NORTH WALES COAST RAILWAY:NOTICE BOARD
Rheilffordd arfordir gogledd Cymru: Hysbysfwrdd
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16 April 2020
47 732 Restormel passes Mold Junction with 1D87 07:20 Euston to Holyhead, 20 April 2002. Picture by Tim Rogers.
Another extra issue - next update on the evening of Tuesday 21 April.
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Cambrian corner - looking back with Trefor Thompson
Dovey Junction on 21 May 1977. A Pwllheli train formed of a 'Park Royal' Class 103 unit is awaiting departure while a refurbished Class 101 on an Aberystwyth to Shrewsbury train departing in the distance as passengers from Aberystwyth to the Coast line make thir way across.
A Machylleth-bound refurbished Class 101 at the foot of Harlech cliff, past the deserted beach, between Harlech and Llandanwg on 16 March 1978. Note the yellow line marking a first-class compartment; surely not valid on this line.
A Pwllheli train, with a class 101 leading, crossing the Artro Bridge and approaching Pensarn station on 20 June 1979.
25 305 shunting at Penrhyndeudraeth yard, serving the Cooke's explosive works on 18 May 1978. Two 'gunpowder vans' - distinguished by their lower height than other vans - are in the consist. Behind the loco are two engineers' 'Grampus' wagons with their ends lowered, carry what appears to be a large rock. For coastal protection work, perhaps?
25 282 on the weekly pick-up goods returning from Pwllheli through Penychain on 16 October 1979, including empty 16-ton mineral wagons which will have carried domestic coal. Freight workings ceased when locomotives were banned from Barmouth bridge in 1980 following the discovery of damaged caused by marine woodworm, and has never returned, except for infrastructure trains.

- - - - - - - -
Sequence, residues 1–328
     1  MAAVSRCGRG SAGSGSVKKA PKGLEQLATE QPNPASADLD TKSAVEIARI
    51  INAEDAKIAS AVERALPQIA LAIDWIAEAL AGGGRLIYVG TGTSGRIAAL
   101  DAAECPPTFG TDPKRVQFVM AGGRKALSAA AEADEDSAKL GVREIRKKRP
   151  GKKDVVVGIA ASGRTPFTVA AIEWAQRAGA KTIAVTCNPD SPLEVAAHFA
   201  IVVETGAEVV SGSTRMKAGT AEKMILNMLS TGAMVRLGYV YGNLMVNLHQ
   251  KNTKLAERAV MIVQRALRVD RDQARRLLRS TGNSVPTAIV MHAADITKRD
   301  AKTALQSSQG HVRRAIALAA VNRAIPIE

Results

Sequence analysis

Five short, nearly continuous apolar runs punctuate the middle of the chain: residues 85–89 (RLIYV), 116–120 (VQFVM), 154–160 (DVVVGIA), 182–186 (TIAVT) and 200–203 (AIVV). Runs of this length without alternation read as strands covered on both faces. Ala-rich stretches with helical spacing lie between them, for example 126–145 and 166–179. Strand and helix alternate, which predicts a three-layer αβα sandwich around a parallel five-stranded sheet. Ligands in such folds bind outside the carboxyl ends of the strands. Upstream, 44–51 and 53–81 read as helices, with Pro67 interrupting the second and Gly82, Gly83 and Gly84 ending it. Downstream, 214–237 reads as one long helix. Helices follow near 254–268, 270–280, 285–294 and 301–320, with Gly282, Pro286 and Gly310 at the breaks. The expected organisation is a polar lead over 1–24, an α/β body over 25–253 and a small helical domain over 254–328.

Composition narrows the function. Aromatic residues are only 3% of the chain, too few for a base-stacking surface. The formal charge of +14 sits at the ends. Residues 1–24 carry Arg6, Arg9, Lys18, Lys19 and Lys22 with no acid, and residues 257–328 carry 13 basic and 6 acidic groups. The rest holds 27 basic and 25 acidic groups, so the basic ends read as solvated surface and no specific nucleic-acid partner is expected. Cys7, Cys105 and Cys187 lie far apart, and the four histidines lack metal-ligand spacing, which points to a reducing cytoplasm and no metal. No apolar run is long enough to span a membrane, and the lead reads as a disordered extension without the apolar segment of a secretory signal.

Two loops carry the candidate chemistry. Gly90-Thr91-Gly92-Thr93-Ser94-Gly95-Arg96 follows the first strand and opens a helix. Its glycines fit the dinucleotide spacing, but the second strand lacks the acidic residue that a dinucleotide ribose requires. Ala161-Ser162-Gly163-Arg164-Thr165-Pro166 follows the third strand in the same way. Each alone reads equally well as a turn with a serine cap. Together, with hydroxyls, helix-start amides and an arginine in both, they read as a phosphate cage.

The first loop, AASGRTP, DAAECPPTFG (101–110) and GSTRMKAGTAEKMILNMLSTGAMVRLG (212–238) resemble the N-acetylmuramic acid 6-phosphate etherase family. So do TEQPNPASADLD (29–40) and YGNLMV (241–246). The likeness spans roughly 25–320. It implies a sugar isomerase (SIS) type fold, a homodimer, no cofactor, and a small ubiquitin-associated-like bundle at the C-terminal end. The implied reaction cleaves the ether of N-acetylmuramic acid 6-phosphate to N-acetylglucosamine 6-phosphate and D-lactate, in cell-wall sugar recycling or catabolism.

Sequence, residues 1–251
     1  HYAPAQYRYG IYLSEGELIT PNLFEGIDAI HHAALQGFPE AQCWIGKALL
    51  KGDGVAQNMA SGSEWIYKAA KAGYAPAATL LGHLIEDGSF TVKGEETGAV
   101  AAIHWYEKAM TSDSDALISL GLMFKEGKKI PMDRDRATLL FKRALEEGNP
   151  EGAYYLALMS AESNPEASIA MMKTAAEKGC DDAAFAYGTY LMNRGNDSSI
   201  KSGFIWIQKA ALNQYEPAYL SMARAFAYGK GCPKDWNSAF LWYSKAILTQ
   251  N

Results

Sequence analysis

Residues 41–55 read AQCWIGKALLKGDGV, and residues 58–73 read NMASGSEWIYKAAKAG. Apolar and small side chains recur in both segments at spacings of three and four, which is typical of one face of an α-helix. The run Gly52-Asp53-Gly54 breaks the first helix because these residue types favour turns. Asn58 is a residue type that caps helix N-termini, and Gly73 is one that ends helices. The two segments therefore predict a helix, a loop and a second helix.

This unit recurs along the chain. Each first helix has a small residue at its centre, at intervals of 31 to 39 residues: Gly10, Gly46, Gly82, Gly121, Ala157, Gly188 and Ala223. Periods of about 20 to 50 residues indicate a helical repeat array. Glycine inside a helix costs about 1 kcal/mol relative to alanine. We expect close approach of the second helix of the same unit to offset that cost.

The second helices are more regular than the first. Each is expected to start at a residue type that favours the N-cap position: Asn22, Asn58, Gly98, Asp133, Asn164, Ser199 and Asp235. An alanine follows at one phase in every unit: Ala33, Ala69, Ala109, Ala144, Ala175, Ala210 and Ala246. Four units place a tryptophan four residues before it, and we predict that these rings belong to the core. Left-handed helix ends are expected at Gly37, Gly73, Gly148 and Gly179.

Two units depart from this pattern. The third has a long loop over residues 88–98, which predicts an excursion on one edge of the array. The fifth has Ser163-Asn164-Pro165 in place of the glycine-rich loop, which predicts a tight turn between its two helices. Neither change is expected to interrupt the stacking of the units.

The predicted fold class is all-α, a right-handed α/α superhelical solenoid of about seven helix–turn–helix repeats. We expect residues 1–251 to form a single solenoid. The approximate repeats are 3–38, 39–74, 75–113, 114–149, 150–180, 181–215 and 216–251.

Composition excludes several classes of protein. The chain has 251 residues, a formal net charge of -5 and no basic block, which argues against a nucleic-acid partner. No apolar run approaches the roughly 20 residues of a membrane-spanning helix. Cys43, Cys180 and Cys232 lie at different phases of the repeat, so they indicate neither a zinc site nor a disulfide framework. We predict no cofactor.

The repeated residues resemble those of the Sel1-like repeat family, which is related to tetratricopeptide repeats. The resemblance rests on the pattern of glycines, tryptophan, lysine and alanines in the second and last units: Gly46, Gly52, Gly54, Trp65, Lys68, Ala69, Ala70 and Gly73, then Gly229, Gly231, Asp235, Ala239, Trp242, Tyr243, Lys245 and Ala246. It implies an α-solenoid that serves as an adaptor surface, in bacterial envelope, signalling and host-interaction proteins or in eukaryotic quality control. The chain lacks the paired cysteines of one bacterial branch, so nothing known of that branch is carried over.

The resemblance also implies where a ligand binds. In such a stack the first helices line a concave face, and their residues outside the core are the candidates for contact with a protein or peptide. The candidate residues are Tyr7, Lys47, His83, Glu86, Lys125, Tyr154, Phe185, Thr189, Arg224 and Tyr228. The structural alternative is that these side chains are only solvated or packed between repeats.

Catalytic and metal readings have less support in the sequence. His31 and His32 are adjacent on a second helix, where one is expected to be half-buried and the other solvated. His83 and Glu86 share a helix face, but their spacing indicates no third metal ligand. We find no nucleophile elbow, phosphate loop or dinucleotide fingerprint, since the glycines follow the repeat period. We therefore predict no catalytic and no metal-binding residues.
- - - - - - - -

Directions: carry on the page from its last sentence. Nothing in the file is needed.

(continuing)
A northbound Class 108 unit rolls off Barmouth bridge, 20 June 1979.
On a misty day in April 1985 a Class 120 'cross-country' unit (with centre car replaced by a class 101 vehicle to save weight) arrives at Pwllheli with Pwllheli East box in the distance.
A year later in April 1986: 150 112 forming a Down train to Pwllheli at Barmouth shortly after the much heralded introduction of the 'Sprinters' to the Cambrian lines in place of the 'Heritage' units seen above. 150 112 passed to Central Trains at privatisation, and today, like all the Class 150/2 (no end gangways) fleet, works for Northern Trains, and is now itself 'heritage'.
Recalling the Blaenau Ffestiniog Branch- by David Pool
The 'Derby Lightweights' were an immediate success in North Wales, with the excellent visibility from the seats and the view through the driver’s cab. Power Twin M79184/79189 is near Tal y Cafn on 9 May 1962 with the 08:40 Blaenau Ffestiniog North to Llandudno. Both cars carry the first version of the BR crest.
Later that day I visited the Ffestiniog Railway, by then running to Tan Y Bwlch, and saw 41235, a Llandudno Junction (6G) locomotive, on freight duties in the sidings at Blaenau Ffestiniog North. At that time the connection to the ex GWR station was only a disused narrow gauge track.
On 15 April 1968 the 09:30 from Blaenau Ffestiniog North to Llandudno Junction was provided by Class 103 unit M50397/56152, not yet repainted in BR blue, photographed leaving Roman Bridge station.
27 April 1974 was a particularly busy day on the branch. The first visitor to Blaenau Ffestiniog North was a six car Special from Southport, comprising three2-car Class 108 units M56276/51908, 56279/51419, 51420/56495. [Note the cattle wagons in the siding.]
The next train due was the 10:55 Llandudno to Bleanau Ffestiniog North, so I decided to see this emerging from the tunnel near Llechwedd Quarry. It was another 108, this time M51566/50929.
The Special from Southport had vacated the single platform at North station and moved onto the new track which led to the Trawsfynydd line from the site of the GWR station. The Ffestiniog Railway had not yet laid new track, and the new BR/FR station on the site of the GWR station had not yet been built. Note the “Southport” destination!